The following are the reasons for a child custody order modification.

#1. Custodial Parents Relocation

The relocation of the custodial parents is a valid reason for filing a child modification order. The court factors in relocation while deciding on modification. However, there are no guarantees that the custody order modification will be granted.

The custody order modification filed by the non-custodial parent stands a chance of succeeding. However, they will have to prove that the relocation would negatively affect the child and make it increasingly difficult for the non-custodial parents to work with the schedule outlined in the current one. A custody order may include a section that limits the custodial parents from making out-of-state relocations or mandates them to give notice for a specified period before making such moves.

#2. A Significant Change in the Child’s Needs

As time progresses, the needs of the child may change. Different environments may be best for children to thrive at different life stages. If a parent filing for custody modification can prove to the court that the change in the child’s needs requires a custody order modification, the case may pull through.

Some children may develop emotional and psychological disorders that may make one parent more suitable to take care of them than the other. Where this is the case, the parent who wants the custody order modified is required to file a motion and provide substantial proof for the claim. The judge will then decide on the case after thoroughly considering the available facts.

#3. Where the Child is in Danger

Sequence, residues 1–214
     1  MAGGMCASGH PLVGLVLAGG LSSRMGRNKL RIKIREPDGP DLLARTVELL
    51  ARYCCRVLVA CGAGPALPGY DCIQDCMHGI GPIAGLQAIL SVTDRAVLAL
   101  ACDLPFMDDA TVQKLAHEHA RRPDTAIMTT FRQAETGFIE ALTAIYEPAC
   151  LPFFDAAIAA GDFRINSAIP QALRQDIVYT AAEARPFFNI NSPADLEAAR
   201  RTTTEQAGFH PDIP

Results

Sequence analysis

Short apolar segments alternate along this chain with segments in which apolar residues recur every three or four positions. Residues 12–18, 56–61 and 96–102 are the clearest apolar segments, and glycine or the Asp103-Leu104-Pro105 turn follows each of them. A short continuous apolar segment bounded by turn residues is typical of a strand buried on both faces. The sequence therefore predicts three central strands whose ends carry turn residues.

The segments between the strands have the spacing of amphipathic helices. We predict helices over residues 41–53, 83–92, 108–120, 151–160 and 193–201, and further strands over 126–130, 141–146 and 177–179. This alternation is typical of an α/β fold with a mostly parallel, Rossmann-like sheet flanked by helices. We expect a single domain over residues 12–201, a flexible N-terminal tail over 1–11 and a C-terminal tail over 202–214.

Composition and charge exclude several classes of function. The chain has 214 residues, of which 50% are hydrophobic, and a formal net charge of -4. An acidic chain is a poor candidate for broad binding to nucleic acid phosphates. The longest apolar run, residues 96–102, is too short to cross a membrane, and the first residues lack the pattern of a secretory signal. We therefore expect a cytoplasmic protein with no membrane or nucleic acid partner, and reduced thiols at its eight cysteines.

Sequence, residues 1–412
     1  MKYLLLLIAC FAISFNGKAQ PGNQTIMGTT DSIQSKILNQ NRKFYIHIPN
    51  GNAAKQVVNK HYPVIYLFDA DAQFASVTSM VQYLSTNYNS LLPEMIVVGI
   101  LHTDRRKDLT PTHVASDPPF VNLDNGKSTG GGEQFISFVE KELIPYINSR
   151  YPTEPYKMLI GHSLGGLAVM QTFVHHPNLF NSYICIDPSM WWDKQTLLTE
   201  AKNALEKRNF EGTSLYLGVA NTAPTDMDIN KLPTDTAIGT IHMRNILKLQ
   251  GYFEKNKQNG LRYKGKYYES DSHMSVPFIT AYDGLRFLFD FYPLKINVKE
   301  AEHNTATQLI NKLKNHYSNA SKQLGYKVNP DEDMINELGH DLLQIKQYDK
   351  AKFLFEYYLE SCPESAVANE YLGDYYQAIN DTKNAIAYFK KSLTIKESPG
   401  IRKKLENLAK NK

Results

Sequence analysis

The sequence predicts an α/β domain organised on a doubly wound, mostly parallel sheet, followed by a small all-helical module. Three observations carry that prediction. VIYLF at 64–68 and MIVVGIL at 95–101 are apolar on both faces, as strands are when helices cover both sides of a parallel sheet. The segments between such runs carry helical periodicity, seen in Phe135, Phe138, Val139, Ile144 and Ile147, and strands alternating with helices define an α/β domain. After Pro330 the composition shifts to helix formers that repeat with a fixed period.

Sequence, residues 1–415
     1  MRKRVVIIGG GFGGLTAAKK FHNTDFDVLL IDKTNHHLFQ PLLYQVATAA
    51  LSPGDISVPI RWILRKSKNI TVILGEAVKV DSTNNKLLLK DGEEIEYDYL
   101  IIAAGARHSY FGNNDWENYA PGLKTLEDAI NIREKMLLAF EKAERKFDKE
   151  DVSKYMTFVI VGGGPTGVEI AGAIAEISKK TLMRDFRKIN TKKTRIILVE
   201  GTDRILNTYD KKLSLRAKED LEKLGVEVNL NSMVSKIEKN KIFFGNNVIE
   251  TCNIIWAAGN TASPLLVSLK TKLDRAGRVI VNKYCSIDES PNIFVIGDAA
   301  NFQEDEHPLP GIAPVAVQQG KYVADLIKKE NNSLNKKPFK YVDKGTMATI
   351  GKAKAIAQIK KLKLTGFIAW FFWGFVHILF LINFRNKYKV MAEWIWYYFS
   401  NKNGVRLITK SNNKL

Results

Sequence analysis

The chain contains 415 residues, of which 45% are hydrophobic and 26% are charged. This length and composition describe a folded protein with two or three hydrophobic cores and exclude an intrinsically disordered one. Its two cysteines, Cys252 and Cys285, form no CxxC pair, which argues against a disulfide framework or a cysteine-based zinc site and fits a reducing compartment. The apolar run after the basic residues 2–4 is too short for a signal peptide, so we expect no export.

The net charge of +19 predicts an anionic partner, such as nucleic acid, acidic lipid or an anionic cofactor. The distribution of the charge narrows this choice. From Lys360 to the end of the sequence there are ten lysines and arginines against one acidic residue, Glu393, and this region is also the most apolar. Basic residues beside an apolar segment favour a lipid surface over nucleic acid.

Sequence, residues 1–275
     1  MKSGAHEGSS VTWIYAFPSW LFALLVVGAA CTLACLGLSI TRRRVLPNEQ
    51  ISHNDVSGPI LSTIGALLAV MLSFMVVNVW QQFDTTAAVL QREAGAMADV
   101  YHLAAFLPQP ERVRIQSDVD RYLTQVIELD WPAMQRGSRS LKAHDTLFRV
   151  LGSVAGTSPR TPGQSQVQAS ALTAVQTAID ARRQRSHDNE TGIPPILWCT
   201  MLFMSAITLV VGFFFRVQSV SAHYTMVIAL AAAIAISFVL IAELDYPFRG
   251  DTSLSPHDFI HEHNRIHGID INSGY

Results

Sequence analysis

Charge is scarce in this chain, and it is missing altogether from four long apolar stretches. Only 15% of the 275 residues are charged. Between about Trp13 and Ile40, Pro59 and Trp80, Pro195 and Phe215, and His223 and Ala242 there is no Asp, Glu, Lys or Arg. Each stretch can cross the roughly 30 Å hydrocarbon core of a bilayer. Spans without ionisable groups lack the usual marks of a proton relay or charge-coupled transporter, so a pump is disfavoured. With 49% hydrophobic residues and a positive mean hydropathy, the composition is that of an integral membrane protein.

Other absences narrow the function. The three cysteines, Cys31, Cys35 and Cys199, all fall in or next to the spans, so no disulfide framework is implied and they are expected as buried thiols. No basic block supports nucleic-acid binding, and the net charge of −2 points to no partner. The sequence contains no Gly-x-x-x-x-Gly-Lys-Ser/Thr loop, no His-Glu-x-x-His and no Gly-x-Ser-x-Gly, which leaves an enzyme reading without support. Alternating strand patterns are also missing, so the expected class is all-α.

A child custody order is granted to the parent who the court believes to be most suited to provide the best care for the child at the initial filing of the case. If, however, there is proof showing that a parent’s behavior can jeopardize the safety and security of the child, the court can modify the custody order.

Certain behaviors are considered dangerous for the child’s well-being, including:

  • All forms of child abuse and domestic violence
  • Mental health issues on the part of the custodial parents or other adults living with the child
  • Drug and alcohol abuse that places the child in danger of physical harm
  • Any situation which exposes the child to being abused by others

It is crucial to involve the police if a parent feels their child is in danger before filing a motion for modification. This ensures that the child is safe, as any form of delay may be detrimental to the child.

#4. Failure to Adhere to the Custody Terms

The failure of any of the parents to adhere to the terms outlined in the custody order is valid grounds for filing a custody order. However, you will be required to prove that the other parent violated the order. Besides granting the custody order modification, the parent who failed to honor the order may be charged with contempt of court.


Filing a custody order modification requires you to have solid evidence that would convince the judge to revisit the terms of the custody. However, the court places the child’s interest above all else and would decide based on what is best for the child. While you can go through the process all by yourself, working with a qualified family lawyer increases your success chances.

If you have any questions, please ask below!